Like 2
    • Shiv

      Worked with old guy in 70’s veteran of ww 2 said he was coming up other side of river late that night from on a date & heard it & seen it when it hit water & he pulled in trees & watched them get it out fast in like 3-4 hrs before day break put in barges in like 3or 4 pieces & take away from area Quickly!

      Like 2
  11. John b

    Help me out here- i dont understand the davey jones locker reference on the rx-7?

    Like 1
    • Todd Fitch Staff

      Hi John b. A sea-faring reference that I stretched for this inland watery grave. Thanks for asking! “Davy Jones’ Locker is an idiom for the bottom of the sea: the state of death among drowned sailors and shipwrecks.[2] It is used as a euphemism for drowning or shipwrecks in which the sailors’ and ships’ remains are consigned to the depths of the ocean (to be sent to Davy Jones’ Locker)” https://en.wikipedia.org/wiki/Davy_Jones%27_Locker\

      Like 7
    • half cab

      Old cliche when you sink in the ocean.

      Like 3
  12. Bob McK Member

    Nice to get the trash out of the water…

    Like 3
  13. half cab

    In 1988 or 89? Mississippi river got really low and boy the vehicles that were pulled out was unreal! Fellow I knew got a couple 70s vetts and an old dude that worked with my mom at the time got a call from someone (officials) saying they found his ’66 mustang….really he said it was stolen in like ’67.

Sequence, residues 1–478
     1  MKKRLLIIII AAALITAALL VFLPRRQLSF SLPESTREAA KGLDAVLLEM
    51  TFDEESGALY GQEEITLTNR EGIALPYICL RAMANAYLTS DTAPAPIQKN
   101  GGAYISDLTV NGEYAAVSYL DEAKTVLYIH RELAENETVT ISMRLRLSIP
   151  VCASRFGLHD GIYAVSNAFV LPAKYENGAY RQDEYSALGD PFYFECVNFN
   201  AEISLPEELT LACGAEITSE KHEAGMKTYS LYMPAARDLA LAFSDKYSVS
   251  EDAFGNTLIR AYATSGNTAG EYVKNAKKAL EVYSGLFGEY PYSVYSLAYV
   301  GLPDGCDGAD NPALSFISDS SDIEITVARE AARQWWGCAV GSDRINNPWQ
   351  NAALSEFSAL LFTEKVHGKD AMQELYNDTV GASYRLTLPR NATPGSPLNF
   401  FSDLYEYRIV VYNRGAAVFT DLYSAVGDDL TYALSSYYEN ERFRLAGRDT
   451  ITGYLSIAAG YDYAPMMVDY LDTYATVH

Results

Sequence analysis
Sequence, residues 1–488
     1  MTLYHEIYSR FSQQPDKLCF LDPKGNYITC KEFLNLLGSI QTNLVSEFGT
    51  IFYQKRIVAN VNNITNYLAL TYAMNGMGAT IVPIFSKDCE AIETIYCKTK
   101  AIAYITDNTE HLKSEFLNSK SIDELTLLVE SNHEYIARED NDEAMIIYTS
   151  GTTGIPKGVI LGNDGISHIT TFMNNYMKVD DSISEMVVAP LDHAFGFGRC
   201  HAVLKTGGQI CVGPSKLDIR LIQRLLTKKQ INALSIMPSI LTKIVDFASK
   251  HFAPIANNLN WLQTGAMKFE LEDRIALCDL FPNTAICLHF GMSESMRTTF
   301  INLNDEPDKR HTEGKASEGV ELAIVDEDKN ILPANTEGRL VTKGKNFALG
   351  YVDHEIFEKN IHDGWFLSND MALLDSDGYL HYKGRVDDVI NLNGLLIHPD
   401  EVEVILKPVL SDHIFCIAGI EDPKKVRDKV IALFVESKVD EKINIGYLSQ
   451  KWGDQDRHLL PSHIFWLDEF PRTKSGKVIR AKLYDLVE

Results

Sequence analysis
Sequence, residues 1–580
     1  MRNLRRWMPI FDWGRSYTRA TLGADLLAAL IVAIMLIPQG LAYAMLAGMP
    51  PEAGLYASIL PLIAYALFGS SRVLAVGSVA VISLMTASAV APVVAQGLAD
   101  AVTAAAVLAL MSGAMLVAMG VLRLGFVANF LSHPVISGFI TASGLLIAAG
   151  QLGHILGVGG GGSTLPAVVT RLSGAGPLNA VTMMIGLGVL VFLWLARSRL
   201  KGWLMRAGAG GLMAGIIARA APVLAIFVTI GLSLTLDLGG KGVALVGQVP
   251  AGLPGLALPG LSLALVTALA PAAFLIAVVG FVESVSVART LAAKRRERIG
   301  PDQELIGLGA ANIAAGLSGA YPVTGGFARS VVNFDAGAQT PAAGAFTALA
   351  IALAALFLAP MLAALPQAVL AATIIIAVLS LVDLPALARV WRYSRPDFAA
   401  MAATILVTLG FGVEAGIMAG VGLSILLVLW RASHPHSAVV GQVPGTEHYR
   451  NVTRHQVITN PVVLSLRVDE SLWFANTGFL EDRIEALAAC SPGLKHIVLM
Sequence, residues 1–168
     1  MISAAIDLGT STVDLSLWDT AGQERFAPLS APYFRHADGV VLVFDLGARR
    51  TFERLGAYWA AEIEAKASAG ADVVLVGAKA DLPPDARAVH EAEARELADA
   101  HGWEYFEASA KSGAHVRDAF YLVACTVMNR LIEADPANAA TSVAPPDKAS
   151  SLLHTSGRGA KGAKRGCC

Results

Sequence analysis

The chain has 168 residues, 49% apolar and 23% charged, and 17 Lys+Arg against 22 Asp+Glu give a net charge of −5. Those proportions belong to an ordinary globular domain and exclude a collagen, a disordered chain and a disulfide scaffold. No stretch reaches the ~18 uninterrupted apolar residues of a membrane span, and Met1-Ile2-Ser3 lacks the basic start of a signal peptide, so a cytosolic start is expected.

Like 4
  14. Philip

    So now we have a new category of vehicles found, Water Finds.

    Like 7
  15. John S.

    When the Creature from the Black Lagoon comes home and finds his car collection gone… he’s gonna be hacked!!

    Like 7
  16. Morley

    Which will be restored first, a burnt out charger or a rusted drowned mustang.??
    Can we not get some realistic cars and trucks on this site

    Like 1
    • Ian C

      I expect over half of the listings are “realistic” projects. They are the listings where the same people complaining about rusty projects are complaining about the price on non-rusty projects. Go figure?

      Like 7
    • Blueovaldude

      Stupid reply

      Like 1
  17. Graham Line

    Have launched many recreational group kayak trips from that ramp. It’s always nice to not hit things.

    Like 2
  18. Roseland Pete

    But what are the “original miles?”

    Like 1
    • Ian C

      That would be 20,000 “actual” leagues, sir.

      Like 7
      • Roseland Pete

        That’s good to know. :)

  19. Mountainwoodie

    When I was in high school there was an old quarry outside of Princeton New Jersey. In the spring we would sneak over there to go swimming. At the bottom of the quarry there was a late sixties Pontiac, so relatively new at the tIme. In my mind’s eye it was a GTO. but I can’t really remember. lol. It was nose down and stayed that way and I dont know how. I got the willies every time I dove off a boulder into the quarry as there were days the water was so clear you could see it as you stood up on the boulder. Great times to be young and sneaky!

    Like 1
  20. Sandra shanahan

    Ran when parked.

    Like 2
    • half cab

      Sad but true in this case!